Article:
After completing his training, he was assigned to HMS Hildebrand. The ship was requisitioned by the British Admiralty and assigned to Force B of the 10th Squadron, Northern Patrol. James joined this ship at Devonport on August 20, 1918 and spent the next four months between Devonport, England and Dakar Roads, Senegal, Africa. His final weeks overseas was spent at HMS Vivid III waiting for orders to return home to the HMS Briton.

 An Evening Telegram article reveals that James arrived at Halifax aboard the SS Adriatic on March 9, 1919, and from there returned to Newfoundland. He remained at HMS Briton until demobilization on April 10, 1919. He returned home and married Selina Peddle. They had nine children, of which five lived to adulthood.

Answering the Call Again

Overseas forestry unit camp in Scotland

On November 9, 1939, the Dominion of Canada sent a request to Newfoundland Governor Sir Humphrey Walwyn to recruit 2,000 men for a new civilian unit assigned to cut timber in the United Kingdom for the war effort. They would be paid $2 per day ($12 per week), with half of that automatically sent home to their families. Accommodation, transportation and medical requirements would be supplied. The men would supply their own appropriate clothing and footwear for logging. By the end of the war, 3,600 loggers would serve with the Newfoundland Overseas Forestry Unit. 

All three former Newfoundland Royal Navy Reservist from Hodge’s Cove once again left their families and travelled overseas to do their duty in defending their motherland.

(L-R) James Drover, John Drover and Albert Drover, Scotland. (Courtesy of SWAHS)

On January 23, 1940, Silas Boone boarded the ship SS Chroby at St. John’s and sailed to Halifax. Onboard were close to 1,000 men who would harvest the Scottish timber for pit props needed for the coalmines of Great Britain. The ship crossed the Atlantic, sailed up the Firth of Clyde and docked at Glasgow, Scotland. Three hundred and fifty men, including Silas, were taken by train to Gourock, then ferried across the Firth of Clyde. On the other side, they walked a few miles on the road to Glenfinart Camps at Ardentinny.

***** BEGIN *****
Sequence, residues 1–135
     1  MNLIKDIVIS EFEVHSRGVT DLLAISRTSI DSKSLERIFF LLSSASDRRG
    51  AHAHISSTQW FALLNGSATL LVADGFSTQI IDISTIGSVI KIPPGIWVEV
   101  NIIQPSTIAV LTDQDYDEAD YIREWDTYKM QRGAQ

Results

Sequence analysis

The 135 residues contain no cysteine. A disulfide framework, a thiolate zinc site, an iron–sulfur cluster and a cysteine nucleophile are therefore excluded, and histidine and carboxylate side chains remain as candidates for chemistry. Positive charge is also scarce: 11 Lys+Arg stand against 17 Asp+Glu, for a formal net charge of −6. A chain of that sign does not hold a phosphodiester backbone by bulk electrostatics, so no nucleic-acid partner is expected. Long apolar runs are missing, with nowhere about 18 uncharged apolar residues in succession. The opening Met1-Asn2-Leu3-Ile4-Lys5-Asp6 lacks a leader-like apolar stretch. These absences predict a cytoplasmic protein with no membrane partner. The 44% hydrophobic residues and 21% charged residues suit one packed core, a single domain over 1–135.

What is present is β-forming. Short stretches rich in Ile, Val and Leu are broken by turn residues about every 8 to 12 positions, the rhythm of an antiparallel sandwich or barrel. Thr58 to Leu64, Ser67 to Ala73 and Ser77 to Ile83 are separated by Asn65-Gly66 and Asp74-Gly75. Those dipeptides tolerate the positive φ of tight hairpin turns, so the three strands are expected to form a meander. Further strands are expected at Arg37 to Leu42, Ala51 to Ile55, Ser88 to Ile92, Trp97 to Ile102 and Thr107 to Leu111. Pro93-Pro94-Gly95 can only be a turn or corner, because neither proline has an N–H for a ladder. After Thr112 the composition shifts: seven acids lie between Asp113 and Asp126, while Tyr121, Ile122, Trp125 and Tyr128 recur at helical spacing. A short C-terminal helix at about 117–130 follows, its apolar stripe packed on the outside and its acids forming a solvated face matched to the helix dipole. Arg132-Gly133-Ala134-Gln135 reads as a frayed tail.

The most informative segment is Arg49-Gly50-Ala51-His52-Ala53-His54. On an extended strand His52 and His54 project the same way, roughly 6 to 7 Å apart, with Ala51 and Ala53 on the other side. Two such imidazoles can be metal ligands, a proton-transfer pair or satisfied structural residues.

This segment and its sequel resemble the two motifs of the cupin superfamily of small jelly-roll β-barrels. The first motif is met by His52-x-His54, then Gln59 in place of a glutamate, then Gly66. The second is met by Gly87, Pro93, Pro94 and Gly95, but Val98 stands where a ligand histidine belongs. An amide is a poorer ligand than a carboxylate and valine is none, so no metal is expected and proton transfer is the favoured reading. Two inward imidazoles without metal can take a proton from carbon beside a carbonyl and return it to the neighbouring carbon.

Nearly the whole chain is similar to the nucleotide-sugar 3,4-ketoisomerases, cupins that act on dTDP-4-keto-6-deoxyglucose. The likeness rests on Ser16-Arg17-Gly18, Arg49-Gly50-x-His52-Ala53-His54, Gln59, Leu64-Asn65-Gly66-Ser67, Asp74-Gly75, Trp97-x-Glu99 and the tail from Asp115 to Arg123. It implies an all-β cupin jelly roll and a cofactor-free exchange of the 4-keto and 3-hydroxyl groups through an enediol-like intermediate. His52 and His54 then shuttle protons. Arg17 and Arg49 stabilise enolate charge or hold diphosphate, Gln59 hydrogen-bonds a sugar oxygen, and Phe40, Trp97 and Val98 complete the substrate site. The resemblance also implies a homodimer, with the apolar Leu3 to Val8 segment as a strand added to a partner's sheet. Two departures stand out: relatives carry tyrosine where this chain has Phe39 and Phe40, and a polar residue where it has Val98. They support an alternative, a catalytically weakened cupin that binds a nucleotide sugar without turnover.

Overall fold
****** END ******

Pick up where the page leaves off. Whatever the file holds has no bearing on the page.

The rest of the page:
The exact dates for Albert and James’ enlistment and travel overseas are unknown, but records show that they served with the Newfoundland Overseas Forestry Unit. All three returned home to Hodge’s Cove after the war.

Silas passed away in Hodge’s Cove in 1969. He is buried next to his wife at St. Mary’s Anglican Cemetery.

After the death of his first wife, James married Bertha, daughter of John and Belinda Dodge, of Little Heart’s Ease. They had two children. James passed away on January 19, 1967 and is resting at the new St. Mary’s Anglican Cemetery, Hodge’s Cove.

On December 23, 1976, Albert experienced one of the greatest tragedies of his life, the loss of his son, Hedley, in a boating accident. Both Hedley and his friend, Willis Thomas, drowned after their boat was swamped near Mooring Cove, Southwest Arm. Two years later, on May 26, 1978, Albert died, they say, of a broken heart. He is buried at the new St. Mary’s Anglican Cemetery. Olivia died 10 years later and is buried next to him.


Transcribed by Wanda Garrett, November 2022.

These transcriptions may contain human errors. As always, confirm these as you would any other source material